The approach to treating HIV is similar for all—male and female, young and old. Adjustments can be made according to certain factors. A particular dosage may work for one, but may not be optimal for another. One recently published study shows why this can happen, and how medical professionals can increase the effectiveness of HIV therapies for their patients.
HIV Therapies and Gender
Preventing infection is an important part of curbing the spread of HIV. The drug used to prevent viral transfer is called Truvada. Until recently, it had been noted that the drug was most effective in men. Researchers found that it seemed less effective in women. Further investigation revealed that differences in tissues contributed to how well Truvada worked at preventing infection.
HIV needs access to genetic material in order to infect its host. The more DNA that is present, the stronger the viral hold. For women, vaginal and cervical tissues have more DNA present than in other types of tissue. Rectal tissue is also in this category. This requires considerable more medication to curtail HIV activity.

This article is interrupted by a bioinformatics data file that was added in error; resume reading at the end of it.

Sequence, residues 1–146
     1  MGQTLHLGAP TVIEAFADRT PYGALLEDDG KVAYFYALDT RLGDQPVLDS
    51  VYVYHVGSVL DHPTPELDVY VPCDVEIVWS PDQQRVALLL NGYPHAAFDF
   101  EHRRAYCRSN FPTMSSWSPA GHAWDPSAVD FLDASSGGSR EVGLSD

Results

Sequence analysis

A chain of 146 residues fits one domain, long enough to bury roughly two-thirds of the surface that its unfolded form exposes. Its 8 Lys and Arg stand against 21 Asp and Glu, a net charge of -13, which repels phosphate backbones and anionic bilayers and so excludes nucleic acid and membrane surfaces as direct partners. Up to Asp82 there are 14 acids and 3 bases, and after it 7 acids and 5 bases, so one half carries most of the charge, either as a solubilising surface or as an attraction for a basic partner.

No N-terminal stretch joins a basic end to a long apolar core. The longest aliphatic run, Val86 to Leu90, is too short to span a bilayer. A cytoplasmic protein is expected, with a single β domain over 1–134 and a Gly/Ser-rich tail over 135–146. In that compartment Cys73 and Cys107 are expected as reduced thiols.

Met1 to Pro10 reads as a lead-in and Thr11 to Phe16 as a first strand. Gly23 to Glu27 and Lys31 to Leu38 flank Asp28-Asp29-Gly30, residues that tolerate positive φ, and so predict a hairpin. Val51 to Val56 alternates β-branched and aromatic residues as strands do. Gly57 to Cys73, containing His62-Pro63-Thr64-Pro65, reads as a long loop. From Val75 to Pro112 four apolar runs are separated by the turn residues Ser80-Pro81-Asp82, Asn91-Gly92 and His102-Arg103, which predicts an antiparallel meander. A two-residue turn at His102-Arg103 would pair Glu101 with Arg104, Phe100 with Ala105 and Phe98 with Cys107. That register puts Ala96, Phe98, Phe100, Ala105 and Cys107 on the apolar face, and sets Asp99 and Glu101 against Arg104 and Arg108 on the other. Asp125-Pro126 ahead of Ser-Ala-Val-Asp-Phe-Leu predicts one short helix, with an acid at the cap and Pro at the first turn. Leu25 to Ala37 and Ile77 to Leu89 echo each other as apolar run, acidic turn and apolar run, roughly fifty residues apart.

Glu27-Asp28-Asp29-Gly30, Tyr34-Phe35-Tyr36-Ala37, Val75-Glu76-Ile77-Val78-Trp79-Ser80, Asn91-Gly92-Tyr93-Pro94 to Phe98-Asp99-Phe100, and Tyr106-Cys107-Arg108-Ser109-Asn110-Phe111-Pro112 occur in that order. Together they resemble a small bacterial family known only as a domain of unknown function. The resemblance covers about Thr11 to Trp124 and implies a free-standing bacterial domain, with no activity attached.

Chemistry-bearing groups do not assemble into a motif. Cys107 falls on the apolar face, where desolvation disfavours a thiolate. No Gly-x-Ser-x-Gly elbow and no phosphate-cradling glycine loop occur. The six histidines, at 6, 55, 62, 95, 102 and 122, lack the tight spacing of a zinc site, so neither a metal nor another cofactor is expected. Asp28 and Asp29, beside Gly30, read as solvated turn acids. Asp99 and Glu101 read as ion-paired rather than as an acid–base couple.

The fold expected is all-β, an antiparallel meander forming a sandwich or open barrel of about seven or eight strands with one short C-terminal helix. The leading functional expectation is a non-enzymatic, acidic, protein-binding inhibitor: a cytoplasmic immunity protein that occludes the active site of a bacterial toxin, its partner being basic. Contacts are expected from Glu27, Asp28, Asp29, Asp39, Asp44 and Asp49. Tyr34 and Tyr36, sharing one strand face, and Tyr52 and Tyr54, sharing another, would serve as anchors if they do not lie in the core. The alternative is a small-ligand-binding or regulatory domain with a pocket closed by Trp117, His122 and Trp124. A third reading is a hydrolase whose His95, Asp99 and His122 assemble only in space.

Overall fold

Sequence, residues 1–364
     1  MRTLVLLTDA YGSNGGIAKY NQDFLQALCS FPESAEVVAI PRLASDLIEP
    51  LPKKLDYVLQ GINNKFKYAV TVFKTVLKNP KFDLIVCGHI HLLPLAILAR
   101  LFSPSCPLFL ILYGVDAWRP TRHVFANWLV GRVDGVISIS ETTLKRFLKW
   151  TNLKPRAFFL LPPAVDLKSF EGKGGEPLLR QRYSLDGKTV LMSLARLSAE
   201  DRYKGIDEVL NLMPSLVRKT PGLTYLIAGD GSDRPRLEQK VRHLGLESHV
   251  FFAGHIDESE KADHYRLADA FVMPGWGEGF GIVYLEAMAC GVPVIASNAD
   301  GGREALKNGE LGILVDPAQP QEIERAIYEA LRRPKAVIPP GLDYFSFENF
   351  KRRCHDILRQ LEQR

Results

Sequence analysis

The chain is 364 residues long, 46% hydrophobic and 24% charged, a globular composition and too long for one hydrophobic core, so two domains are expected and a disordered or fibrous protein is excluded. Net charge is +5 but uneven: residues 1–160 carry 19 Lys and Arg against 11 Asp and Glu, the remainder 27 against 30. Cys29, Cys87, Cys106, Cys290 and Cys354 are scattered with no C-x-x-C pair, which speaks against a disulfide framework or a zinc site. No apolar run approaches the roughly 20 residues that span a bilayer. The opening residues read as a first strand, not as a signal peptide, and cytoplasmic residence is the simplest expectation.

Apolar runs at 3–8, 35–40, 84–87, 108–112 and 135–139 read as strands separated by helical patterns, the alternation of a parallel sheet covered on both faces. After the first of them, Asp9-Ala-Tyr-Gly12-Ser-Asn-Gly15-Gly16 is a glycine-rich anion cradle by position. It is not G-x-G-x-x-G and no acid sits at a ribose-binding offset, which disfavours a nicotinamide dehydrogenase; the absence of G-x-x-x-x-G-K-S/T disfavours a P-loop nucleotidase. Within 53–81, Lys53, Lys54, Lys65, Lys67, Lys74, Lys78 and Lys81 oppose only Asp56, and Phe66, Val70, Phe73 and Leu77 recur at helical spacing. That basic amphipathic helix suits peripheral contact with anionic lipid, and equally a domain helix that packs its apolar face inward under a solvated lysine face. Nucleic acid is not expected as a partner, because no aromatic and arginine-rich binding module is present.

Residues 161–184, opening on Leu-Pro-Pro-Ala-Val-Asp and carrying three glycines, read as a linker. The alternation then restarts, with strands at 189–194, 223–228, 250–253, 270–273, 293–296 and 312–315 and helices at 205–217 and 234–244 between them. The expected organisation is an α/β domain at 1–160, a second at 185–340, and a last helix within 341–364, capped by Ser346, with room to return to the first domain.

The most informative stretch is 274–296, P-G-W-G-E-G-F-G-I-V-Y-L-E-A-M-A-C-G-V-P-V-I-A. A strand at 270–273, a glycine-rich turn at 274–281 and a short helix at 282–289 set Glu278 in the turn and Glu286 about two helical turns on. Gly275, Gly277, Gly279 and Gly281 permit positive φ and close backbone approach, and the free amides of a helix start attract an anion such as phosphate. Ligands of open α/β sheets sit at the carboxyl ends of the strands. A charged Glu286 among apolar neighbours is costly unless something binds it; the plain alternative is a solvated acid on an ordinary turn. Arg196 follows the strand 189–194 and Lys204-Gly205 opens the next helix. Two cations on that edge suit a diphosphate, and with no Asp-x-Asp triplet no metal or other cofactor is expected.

Armed with this knowledge, scientists mathematically calculated specific drugs-to-DNA ratios. Using this formula, and testing the outcomes, has proven successful. When increased doses were given to women, the rate of HIV infections decreased and more closely matched the male outcomes based on doses previously tried.
What does this mean for HIV therapies now? In short, women do best when taking Truvada every day. This contrasts considerably to the couple times a week generally prescribed. For the male population, the current dosage works well. Due to the anatomical differences, women require more of the medication. When taken daily, the rate of infection effectively decreases for this group. Of course, no one should change his or her therapy before consulting a healthcare provider.
So far, Truvada is the only FDA-approved pharmaceutical used to prevent the spread of HIV infections. Now with more information on how best to harness its potential, the medical world is in a good position to help keep others from contracting and spreading the virus.